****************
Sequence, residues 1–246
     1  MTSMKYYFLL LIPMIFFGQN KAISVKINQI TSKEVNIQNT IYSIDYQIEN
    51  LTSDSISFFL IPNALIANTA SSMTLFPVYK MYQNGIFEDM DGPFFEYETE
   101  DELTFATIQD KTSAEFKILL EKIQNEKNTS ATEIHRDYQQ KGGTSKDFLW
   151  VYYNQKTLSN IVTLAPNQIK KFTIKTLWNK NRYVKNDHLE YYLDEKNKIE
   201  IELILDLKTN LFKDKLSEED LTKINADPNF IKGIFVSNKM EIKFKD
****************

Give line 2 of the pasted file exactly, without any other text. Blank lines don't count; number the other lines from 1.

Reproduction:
     1  MTSMKYYFLL LIPMIFFGQN KAISVKINQI TSKEVNIQNT IYSIDYQIEN